Knocking the ball out of the park

The Major League Baseball season starts this week, marking the beginning of what has become an annual home-run race. Why are today’s players hitting so many dingers?

What’s a dinger?
It’s the same as a round-tripper, a four-bagger, a long ball, a circuit clout, a jack, a tater, a bomb, a blast, a bolt, a moon shot, and a cha-cha. These are among the various names that fans and players use to refer, with fetishistic fervor, to the act of hitting a baseball over the outfield fence—a home run.

Is it getting easier to hit them?
The players are certainly making it look that way. Legendary slugger Babe Ruth’s record of 60 home runs stood for 34 years, and was considered unbreakable. But on Oct. 1, 1961, in what many fans considered an act of blasphemy, Roger Maris blasted his 61st home run into the right-field seats of Yankee Stadium. No one topped Maris for 37 years. Then, in 1998, both Mark McGwire of the St. Louis Cardinals and Sammy Sosa of the Chicago Cubs passed Maris, and kept on going. Sosa hit 66, but McGwire clubbed four in the last two games to establish the new single-season record at 70. Last year, Barry Bonds of the San Francisco Giants vaulted past McGwire’s still new record with an astonishing 73 homers.

Why the power surge?
Many suspect that Major League Baseball “juiced” the ball about a decade ago, by winding it tighter, to create more scoring. At the same time, the big leagues added more teams, diluting the quality of the pitching. Another factor is the ballparks themselves. Many of the new parks have quirky outfield dimensions, with fences closer to home plate, to promote more scoring. Bonds, for example, has taken good advantage of the 307-foot right-field fence in San Francisco’s new Pacific Bell Park. But the primary reason for the increase in home runs is that players are bigger, stronger, and more flexible than ever before.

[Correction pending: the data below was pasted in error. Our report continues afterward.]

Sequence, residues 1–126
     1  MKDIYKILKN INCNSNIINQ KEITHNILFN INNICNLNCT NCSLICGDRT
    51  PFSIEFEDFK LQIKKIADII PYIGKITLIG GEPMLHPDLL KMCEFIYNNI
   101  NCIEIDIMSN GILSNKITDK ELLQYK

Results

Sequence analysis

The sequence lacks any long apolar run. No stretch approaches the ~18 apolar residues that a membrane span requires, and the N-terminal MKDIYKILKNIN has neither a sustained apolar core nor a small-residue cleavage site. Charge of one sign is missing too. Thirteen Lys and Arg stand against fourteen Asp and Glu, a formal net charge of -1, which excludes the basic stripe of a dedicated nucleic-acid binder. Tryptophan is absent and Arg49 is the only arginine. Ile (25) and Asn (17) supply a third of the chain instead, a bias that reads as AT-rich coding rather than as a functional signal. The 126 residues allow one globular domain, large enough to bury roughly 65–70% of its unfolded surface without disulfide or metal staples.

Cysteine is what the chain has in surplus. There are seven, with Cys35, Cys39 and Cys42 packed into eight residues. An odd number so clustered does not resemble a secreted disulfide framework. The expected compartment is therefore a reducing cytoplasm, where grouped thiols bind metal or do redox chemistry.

How much bigger?
Compared to their early-20th-century counterparts, today’s players are gigantic. Jimmie Foxx, who hit 58 homers in 1932, was one of the premier long-ball hitters of his day. His rippling muscles and 6-foot, 195-pound frame struck fear in the hearts of pitchers. Today Foxx would only be of average size and weight—smaller, in fact, than some shortstops and second basemen. Compare, for example, all-time home-run king Hank Aaron, who is 6 feet tall and played at 180 pounds, with Sosa, who packs 225 pounds of solid muscle on his 6-foot frame. Willie Mays, at 5-11, 180 pounds, was a runt compared to the now-retired McGwire, who as a 6-foot-5, 250-pound giant, could hit the ball into the stands with one arm.

Why the growth spurt?
Modern weight-training regimens have given today’s hitters unprecedented power. As recently as the 1980s, batting coaches insisted that weight training would ruin a player’s fluid swing by making him too muscle-bound. The gym was off-limits. But in the 1990s, a few sluggers discovered that new training techniques let them add bulk and improve flexibility at the same time. McGwire began hitting 50-plus homers after he added 25 pounds of muscle. As he and other brawny hitters began hauling in $10 million a year, other players formed a line outside the weight room. “It’s not hard to figure out,” Toronto Blue Jays first baseman Carlos Delgado told Sports Illustrated. “If you hit 30 home runs, you can make $5 million, even if you strike out 200 times.” Delgado hit 39 homers last year, and this year he’ll be paid $17.2 million.